The second round selection that spring was goalie Carl Stankowski. Stankowski was a significant piece to the 2017 championship run but his health and injury situation has been well documented and he was traded to Calgary this past summer so he could deal with that closer to home. In return Seattle got future considerations. The T-birds third round selection that year, forward Conner Pyne signed but didn't work out. Still, Seattle acquired d-man Loeden Schauffler from Kootenay earlier this season and Schauffler was taken just a few picks after Pyne, so you could argue the T-birds recouped that pick.
The T-birds didn't have a 4th round pick and their fifth round selection, Kabir Gil, opted for the NCAA route but they did get Dillon Hamaliuk in round six along with Carpendale. Seventh rounder Tyson Terretta played a season and a half with the team before deciding to leave hockey behind after an injury plagued career. It was a fairly decent draft but unfortunately the top of the draft, for very different reasons, didn't work out long term as T-birds
In the spring of 2016 Seattle had four picks in the first three rounds but nothing after that until round eight (they did trade back into round six but traded the rights to that player, Nakdodan Greyeyes, to Saskatoon for a future draft pick). Remember, to supplement their rosters for their playoff runs leading up to that championship season, Seattle traded away some draft capital, getting back players like Bow, Leth, Schumacher, Adams, Toth and Hyman and before that Jakabowski, McKechnie, Henry and Maxwell.
Meanwhile, with their 2016 first round choice they selected defenseman Jake Lee. Lee is already in his second season with the club and is listed currently as a "C" skater by NHL Central Scouting for the upcoming NHL Draft. When you don't have 4th, 5th, 6th and 7th round picks, picks traded away to build up your team for three playoff runs that led you to a league title, you probably want to hit home runs with those other high picks.
In Round Two Seattle chose a power forward type player in Eric Fawkes. In Round Three, with two picks Seattle opted for forward Alex Swetlikoff and defenseman Layton Ahac. Seattle went after the top talent available. But a selection in the draft is no guarantee, instead it just gives you exclusive WHL recruiting rights to that player. In the case of Fawkes, Swetlikoff and Ahac they all ended up verbally committed to NCAA programs. Sometimes you swing for the fences and hit a home run, other times you strike out. And before you think this is a "Seattle thing", look at some recent WHL drafts and you will see a number of teams who've lost high picks to NCAA programs. As they say, it is better to have loved and lost then to have never loved at all.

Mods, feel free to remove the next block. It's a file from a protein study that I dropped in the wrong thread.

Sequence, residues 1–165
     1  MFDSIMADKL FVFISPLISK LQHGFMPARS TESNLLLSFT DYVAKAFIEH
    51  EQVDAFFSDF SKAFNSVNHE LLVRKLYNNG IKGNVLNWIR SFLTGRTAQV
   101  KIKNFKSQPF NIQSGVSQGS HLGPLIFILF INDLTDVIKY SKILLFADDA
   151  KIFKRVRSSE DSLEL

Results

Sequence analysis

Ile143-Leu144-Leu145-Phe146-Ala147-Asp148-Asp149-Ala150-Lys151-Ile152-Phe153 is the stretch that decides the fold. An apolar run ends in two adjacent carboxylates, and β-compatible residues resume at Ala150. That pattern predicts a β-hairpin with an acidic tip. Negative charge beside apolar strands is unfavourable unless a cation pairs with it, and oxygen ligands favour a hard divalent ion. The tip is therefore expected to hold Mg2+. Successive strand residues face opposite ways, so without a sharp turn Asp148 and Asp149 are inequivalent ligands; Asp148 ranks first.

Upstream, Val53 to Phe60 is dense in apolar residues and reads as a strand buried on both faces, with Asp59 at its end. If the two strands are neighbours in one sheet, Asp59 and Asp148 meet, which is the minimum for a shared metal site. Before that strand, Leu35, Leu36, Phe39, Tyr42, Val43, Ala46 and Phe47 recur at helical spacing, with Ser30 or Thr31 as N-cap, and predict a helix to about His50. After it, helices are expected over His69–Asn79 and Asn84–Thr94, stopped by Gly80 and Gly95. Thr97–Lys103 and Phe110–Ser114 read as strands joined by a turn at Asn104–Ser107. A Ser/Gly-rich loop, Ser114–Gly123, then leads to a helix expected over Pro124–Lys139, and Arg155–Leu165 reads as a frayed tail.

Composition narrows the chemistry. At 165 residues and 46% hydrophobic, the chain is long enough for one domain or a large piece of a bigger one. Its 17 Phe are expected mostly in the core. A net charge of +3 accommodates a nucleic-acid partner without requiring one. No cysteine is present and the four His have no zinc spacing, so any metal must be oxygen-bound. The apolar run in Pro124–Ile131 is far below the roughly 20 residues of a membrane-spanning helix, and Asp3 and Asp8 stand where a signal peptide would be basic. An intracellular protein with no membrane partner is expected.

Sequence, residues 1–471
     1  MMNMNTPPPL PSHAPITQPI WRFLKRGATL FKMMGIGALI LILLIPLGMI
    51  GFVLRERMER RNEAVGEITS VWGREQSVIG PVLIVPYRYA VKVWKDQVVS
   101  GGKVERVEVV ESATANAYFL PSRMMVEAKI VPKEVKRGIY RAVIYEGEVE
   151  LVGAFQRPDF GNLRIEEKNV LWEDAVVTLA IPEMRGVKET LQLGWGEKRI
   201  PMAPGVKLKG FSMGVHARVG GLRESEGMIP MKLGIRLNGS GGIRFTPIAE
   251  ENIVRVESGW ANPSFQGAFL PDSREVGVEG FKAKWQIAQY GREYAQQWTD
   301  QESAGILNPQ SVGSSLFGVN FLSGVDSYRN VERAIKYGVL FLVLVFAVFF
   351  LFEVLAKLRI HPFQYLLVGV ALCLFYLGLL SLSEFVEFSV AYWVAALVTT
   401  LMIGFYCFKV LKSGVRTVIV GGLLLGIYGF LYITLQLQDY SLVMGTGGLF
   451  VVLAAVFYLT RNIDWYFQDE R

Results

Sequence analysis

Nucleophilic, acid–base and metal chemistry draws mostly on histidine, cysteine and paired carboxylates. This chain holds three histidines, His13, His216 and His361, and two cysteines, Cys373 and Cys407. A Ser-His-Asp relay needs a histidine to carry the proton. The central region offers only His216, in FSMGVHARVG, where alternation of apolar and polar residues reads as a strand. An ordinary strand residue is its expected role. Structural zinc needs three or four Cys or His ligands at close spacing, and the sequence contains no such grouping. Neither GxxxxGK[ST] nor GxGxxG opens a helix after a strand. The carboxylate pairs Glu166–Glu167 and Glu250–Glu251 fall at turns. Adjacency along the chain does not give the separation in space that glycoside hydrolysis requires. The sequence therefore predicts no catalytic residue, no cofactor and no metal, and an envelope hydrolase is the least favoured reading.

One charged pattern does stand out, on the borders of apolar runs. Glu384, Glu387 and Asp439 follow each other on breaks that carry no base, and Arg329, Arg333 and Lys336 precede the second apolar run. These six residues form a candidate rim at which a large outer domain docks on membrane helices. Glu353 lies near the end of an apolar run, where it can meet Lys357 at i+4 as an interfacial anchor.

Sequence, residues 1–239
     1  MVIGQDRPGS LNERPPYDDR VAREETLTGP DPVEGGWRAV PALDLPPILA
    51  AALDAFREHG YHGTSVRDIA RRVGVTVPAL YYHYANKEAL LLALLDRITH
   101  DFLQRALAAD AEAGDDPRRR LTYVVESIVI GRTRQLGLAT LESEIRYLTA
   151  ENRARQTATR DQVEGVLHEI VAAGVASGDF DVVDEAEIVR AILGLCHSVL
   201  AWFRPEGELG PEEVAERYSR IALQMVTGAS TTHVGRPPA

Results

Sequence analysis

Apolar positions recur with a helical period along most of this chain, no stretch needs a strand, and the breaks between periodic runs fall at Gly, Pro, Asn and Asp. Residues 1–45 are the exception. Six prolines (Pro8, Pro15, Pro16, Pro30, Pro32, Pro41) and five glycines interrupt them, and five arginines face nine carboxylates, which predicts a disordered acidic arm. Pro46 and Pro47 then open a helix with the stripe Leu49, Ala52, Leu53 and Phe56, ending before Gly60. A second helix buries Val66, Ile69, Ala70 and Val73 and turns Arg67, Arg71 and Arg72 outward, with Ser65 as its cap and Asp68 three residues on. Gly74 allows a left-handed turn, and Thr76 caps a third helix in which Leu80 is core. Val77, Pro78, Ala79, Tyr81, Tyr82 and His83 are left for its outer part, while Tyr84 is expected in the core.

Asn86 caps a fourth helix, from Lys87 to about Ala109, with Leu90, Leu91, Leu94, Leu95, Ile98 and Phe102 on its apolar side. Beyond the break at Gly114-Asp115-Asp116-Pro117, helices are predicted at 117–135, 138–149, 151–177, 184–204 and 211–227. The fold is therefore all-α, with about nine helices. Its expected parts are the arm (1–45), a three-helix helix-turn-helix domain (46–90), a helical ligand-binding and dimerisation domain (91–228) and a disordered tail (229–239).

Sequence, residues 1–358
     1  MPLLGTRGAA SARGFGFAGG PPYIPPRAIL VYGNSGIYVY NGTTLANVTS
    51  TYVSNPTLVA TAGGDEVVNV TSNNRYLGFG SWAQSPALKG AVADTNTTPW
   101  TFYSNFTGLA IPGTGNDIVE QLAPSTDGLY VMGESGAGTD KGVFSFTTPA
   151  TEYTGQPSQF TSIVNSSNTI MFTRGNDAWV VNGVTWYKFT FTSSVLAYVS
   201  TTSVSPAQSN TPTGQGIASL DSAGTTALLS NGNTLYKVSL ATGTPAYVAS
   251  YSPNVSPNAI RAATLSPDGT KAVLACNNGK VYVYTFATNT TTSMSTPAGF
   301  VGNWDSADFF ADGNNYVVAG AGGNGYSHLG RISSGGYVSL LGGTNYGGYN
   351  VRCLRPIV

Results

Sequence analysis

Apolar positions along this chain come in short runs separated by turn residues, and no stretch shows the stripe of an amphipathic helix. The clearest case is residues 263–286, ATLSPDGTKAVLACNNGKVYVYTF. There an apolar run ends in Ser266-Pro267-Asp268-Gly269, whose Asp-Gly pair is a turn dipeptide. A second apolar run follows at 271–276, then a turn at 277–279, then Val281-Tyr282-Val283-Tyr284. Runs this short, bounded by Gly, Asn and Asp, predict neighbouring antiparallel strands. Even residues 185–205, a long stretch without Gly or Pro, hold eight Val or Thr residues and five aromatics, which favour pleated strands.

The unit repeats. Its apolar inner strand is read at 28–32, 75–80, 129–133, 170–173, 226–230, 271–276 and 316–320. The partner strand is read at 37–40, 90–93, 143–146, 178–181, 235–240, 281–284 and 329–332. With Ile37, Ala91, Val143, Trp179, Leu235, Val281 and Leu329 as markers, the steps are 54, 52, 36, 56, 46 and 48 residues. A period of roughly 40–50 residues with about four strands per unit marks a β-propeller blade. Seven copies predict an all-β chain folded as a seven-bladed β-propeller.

Seattle did get Graeme Bryks and Cole Schwebius in later rounds in that draft, and then signed some solid list players who went undrafted that year including Sam Huo, Eric Ward, Cade McNelly and Cody Savey so the cupboard is not bare. They also traded Fawkes' rights to Kootenay for Schaufler and future picks. As well, they traded the rights of Swetlikoff to Lethbridge. You can't get back a 2016 draft pick. There is no flux capacitor or DeLorean time machine. No use looking back, you look forward at what you can control, that which is in front of you.
In the 2017 draft they grabbed Mount along with defensemen Tyrel Bauer and Luke Bateman with a few others still on their list. They signed a couple of promising undrafted players in Davidson and Matthew Rempe. Seattle has signed all but two of their selections from last spring's draft. Those signed players include a first rounder, two seconds and a third. They drafted and signed a local player, Mekai Sanders in the ninth round, a player they believe would have gone in the second or third round if he was better known in hockey circles. Currently Seattle has a first and two second round picks, and potentially two third rounders, in next spring's draft. That extra second rounder comes from Regina and should end up being at the top of round two.
So the reload has begun. That's down the road though. Right now the team has to fight their way out of this current scoring rut and five game losing streak. Younger players have to get more comfortable with unexpectedly bigger roles. Veteran players have to get back to where they were just a scant few weeks ago.
My T-birds Three Stars for the past week:
Third Star: C Nolan Volcan. Yes, I know he hasn't scored a goal in nine games but he's still out there busting his butt every shift. He's probably more frustrated then anyone else on the team right now. I'm sure he knows he's missed a good 10-12 scoring chances over this five game stretch. And I still believe he's due to go on a scoring binge.
Second Star: D Owen Williams. If one player has stepped up his game in this stretch, I think its Williams. I'm just noticing him more out on the ice, and for the good things he's doing. Without Tyszka they needed someone to fill that void and Williams is looking more and more confident.
First Star: The goaltending. Seattle is not getting blown out over this stretch, games are probably closer because of the goaltending of Liam Hughes and Cole Schwebius. There have been moments in a few of these losses where Seattle could have gotten run out of the building. The goalies have not allowed that to happen.